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Ricin-membrane interaction: membrane penetration depth by fluorescence quenching and resonance energy transfer

Ramalingam, TS and Das, Puspendu Kumar and Podder, Sunil K (1994) Ricin-membrane interaction: membrane penetration depth by fluorescence quenching and resonance energy transfer. In: Biochemistry, 33 (40). pp. 12247-12254.

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Official URL: http://pubs.acs.org/doi/abs/10.1021/bi00206a030


The entry of the plant toxin ricin and its A- and B-subunits in model membranes in the presence as well as absence of monosialoganglioside (GM(1)) has been studied. Dioleoylphosphatidylcholine and 5-, 10-, and 12-doxyl- or 9,10-dibromophosphatidylcholines serve as quenchers of intrinsic tryptophan fluorescence of the proteins. The parallax method of Chattopadhyay and London [(1987) Biochemistry 26, 39-45] has been employed to measure the average membrane penetration depth of tryptophans of ricin and its B-chain and the actual depth of the sole Trp 211 in the A-chain. The results indicate that both of the chains as well as intact ricin penetrate the membrane deeply and the C-terminal end of the A-chain is well inside the bilayer, especially at pH 4.5. An extrinsic probe N-(iodoacetyl)-N'-(5-sulfo-1-naphthyl) ethylenediamine (I-AEDANS) has been attached to Cys 259 of the A-chain, and the kinetics of penetration has been followed by monitoring the increase in AEDANS fluorescence at 480 nm. The insertion follows first-order kinetics, and the rate constant is higher at a lower pH. The energy transfer distance analysis between Trp 211 and AEDANS points out that the conformation of the A-chain changes as it inserts into the membrane. CD studies indicate that the helicity of the proteins increases after penetration, which implies that some of the unordered structure in the native protein is converted to the ordered form during this process. Hydrophobic forces seem to be responsible for stabilizing a particular protein conformation inside the membrane.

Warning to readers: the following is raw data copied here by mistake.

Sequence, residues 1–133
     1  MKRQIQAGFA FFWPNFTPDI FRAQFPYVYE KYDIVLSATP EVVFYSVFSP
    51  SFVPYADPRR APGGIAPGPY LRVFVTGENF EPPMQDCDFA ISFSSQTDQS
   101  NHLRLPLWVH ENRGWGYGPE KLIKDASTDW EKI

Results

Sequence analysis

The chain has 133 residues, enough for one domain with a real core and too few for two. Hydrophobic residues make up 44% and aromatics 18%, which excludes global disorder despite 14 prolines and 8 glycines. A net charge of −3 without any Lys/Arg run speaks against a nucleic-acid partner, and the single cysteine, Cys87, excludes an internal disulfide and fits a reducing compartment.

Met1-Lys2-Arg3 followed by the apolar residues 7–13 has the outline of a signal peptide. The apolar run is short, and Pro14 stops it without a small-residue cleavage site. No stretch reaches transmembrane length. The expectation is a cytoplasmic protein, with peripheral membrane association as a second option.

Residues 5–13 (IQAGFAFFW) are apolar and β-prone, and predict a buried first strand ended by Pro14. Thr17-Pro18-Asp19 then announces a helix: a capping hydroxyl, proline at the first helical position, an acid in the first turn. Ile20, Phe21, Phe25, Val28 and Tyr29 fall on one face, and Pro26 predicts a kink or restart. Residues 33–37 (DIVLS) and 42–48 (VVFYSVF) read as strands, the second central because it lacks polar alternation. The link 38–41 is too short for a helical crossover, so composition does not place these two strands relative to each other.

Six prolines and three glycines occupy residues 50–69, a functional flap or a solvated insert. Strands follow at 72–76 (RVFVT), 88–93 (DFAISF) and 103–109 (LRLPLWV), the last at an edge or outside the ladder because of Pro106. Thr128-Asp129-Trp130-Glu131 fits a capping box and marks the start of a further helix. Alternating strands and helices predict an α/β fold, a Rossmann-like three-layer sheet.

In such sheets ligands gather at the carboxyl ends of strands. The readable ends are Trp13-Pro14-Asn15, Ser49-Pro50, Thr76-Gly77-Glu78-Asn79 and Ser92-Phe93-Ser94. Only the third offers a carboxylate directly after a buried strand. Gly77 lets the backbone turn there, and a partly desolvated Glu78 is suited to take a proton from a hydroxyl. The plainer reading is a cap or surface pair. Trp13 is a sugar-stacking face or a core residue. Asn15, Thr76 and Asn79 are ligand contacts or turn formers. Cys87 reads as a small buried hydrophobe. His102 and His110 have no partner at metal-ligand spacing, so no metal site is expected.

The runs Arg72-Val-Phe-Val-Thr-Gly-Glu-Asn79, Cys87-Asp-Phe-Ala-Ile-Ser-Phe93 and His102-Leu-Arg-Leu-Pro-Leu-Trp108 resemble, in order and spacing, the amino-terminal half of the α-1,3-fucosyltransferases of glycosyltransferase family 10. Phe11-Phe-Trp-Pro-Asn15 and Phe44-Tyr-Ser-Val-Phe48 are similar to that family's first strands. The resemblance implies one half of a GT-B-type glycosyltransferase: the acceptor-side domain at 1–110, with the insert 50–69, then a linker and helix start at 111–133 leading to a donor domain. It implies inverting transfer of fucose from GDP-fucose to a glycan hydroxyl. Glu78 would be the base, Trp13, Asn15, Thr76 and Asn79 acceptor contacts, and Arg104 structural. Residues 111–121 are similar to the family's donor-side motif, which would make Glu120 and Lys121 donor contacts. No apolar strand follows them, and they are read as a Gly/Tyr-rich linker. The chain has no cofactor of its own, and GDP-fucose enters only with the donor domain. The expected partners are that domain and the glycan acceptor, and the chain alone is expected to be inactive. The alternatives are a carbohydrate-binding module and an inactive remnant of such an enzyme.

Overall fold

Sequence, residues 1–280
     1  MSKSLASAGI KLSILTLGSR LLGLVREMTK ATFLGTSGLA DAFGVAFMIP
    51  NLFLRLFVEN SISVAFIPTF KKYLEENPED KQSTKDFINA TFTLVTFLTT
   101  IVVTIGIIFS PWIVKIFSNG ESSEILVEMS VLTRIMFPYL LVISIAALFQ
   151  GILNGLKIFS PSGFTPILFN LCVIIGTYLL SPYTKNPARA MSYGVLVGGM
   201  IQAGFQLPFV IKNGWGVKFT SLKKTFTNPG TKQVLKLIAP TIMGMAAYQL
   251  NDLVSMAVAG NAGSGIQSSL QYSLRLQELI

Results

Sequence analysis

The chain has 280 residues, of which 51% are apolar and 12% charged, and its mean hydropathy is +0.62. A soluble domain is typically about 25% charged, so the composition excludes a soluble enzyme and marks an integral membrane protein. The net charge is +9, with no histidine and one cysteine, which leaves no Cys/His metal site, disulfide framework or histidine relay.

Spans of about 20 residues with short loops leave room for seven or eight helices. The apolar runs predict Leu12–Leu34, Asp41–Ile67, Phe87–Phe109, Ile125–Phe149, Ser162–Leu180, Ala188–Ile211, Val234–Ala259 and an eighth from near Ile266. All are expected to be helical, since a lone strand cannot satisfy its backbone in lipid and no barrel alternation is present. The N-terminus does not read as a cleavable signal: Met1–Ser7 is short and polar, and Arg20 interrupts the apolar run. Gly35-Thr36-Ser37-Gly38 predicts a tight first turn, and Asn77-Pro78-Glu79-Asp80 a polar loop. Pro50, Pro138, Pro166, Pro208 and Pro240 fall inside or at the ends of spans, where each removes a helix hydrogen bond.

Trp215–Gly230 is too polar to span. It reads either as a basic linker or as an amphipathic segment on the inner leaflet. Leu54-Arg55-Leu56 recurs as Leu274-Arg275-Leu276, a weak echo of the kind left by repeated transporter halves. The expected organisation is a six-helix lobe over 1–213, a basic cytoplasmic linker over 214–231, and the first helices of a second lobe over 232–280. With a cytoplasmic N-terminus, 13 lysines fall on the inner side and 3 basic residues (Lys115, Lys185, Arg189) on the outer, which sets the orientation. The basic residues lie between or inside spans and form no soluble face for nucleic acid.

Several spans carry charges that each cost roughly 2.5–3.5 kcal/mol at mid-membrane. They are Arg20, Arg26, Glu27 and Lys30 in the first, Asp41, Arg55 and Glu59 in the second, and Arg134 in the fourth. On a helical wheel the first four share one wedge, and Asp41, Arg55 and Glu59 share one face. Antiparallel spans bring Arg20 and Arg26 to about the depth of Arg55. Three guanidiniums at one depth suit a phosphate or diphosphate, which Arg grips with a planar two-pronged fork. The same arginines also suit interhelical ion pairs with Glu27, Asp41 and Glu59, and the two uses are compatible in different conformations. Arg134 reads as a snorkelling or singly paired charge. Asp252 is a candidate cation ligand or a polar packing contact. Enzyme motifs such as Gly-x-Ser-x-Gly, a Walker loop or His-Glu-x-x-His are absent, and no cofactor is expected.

Item Type: Journal Article
Publication: Biochemistry
Publisher: American chemical society
Additional Information: Copyright of this article belongs to American chemical society.
Department/Centre: Division of Biological Sciences > Biochemistry
Division of Chemical Sciences > Inorganic & Physical Chemistry
Date Deposited: 11 Apr 2011 10:01
Last Modified: 11 Apr 2011 10:01
URI: http://eprints.iisc.ac.in/id/eprint/36789

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